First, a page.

By Carly Watson
Michigan State University Debate made a run to the Sweet 16 of the 77th National Debate Tournament (NDT) last weekend.
Piper Meloche, a social relations and policy senior in the Honors College, and Nate Glancy, an economics senior, bested teams from the University of Southern California, Boston College, the University of Central Oklahoma, and the University of Oklahoma in preliminary debates to clinch their place as the 18th overall seed in a field of 78.
“Once we finished the preliminary debates we thought that we were positioned to make a run,” said Will Repko, MSU Debate Head Coach. “Nate and Piper were debating great and we felt well-prepared for elimination debates.”
The tournament seeds teams with five or more preliminary debates into a single elimination bracket based on their preliminary round results. A panel of five judges decide the winner of elimination round debates.
As the 18th seed, Meloche and Glancy debated the 15th seed from the University of Wyoming in the double octafinals (Round of 32).
“Wyoming is a strong opponent – they’ve been innovating strategies all year – so we knew we’d need to bring something special in order to win,” said Kevin McCaffrey, MSU Debate Assistant Coach.
MSU Debate advanced to the Sweet 16 after four of the five judges voted for Meloche and Glancy. The win set up a debate with the 2nd seeded team from Wake Forest University.
While Meloche and Glancy were ultimately defeated by Wake Forest University in the Sweet 16, this is MSU Debate’s best result at the NDT since 2017.
“We’ve heard so much about the basketball team’s run to the Sweet 16 this year so it’s pretty cool that the Debate Team was able to match their results,” said teammate Arielle Gearring, a political theory and constitutional democracy freshman.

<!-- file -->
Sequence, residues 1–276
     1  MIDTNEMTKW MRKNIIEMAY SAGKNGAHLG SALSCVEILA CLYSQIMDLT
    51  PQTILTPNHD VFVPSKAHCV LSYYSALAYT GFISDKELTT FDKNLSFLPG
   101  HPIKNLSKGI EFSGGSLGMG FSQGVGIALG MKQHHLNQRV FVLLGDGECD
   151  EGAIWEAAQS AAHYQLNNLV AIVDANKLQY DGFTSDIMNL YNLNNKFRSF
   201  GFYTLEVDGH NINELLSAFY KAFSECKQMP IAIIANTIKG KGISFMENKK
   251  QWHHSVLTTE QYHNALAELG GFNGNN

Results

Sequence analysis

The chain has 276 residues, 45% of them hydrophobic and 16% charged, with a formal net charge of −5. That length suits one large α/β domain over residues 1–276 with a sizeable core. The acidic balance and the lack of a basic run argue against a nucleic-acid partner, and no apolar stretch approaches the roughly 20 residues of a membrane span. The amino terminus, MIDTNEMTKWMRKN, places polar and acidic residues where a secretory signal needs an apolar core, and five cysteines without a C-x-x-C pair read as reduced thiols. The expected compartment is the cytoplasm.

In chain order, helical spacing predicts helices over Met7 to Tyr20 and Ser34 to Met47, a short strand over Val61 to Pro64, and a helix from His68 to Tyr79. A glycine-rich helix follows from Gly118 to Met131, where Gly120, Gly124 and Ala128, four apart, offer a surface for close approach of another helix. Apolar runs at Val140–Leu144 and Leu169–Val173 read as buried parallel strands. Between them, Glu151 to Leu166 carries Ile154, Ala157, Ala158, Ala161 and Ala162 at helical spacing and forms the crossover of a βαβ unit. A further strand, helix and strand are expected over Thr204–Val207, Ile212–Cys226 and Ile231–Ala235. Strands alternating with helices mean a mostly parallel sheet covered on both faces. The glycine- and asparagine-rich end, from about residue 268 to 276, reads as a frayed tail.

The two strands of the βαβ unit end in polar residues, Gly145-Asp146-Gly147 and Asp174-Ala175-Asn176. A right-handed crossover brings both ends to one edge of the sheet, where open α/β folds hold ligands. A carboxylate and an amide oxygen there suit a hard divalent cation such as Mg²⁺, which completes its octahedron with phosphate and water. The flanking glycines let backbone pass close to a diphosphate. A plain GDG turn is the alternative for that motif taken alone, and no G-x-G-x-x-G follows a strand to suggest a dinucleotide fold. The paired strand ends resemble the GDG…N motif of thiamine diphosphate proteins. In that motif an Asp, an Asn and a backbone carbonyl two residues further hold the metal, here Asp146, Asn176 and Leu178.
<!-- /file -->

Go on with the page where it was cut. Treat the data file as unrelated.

In addition to Meloche and Glancy, MSU Debate had two additional teams competing at the NDT.
Tony Miklovis, a social relations and policy and international relations sophomore in the Honors College, Joanna Gusis, a political theory and constitutional democracy freshman in the Honors College, Ephraim Bennett, a computer science sophomore, and David Koster, a political science and pre-law economic junior in the Honors College, also represented MSU.
“In order to even make the tournament you have to qualify through a regional process to determine the top 78 teams out of hundreds so ending the season with three teams competing and one in the top 16 is a huge achievement for the team,” said Repko.
While student on the team compete in pairs, the whole team of students and coached worked to prepare for tournaments. Intercollegiate debate is research-driven and debates are on the same topic for the entire year.
“We compete in a field with academic powerhouses like Harvard and Dartmouth so the whole team worked incredibly hard to make this success possible,” said Repko.
The MSU Debate Team is part of the Honors College.